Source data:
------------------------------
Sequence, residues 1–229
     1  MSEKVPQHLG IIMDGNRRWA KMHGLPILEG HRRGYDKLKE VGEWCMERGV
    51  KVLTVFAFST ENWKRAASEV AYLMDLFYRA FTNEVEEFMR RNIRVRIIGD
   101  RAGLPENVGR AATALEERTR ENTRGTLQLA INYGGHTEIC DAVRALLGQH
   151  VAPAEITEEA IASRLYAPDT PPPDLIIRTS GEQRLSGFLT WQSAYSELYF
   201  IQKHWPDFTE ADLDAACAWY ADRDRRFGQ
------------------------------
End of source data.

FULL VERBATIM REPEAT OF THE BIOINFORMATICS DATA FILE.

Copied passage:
Sequence, residues 1–229
     1  MSEKVPQHLG IIMDGNRRWA KMHGLPILEG HRRGYDKLKE VGEWCMERGV
    51  KVLTVFAFST ENWKRAASEV AYLMDLFYRA FTNEVEEFMR RNIRVRIIGD
   101  RAGLPENVGR AATALEERTR ENTRGTLQLA INYGGHTEIC DAVRALLGQH
   151  VAPAEITEEA IASRLYAPDT PPPDLIIRTS GEQRLSGFLT WQSAYSELYF
   201  IQKHWPDFTE ADLDAACAWY ADRDRRFGQ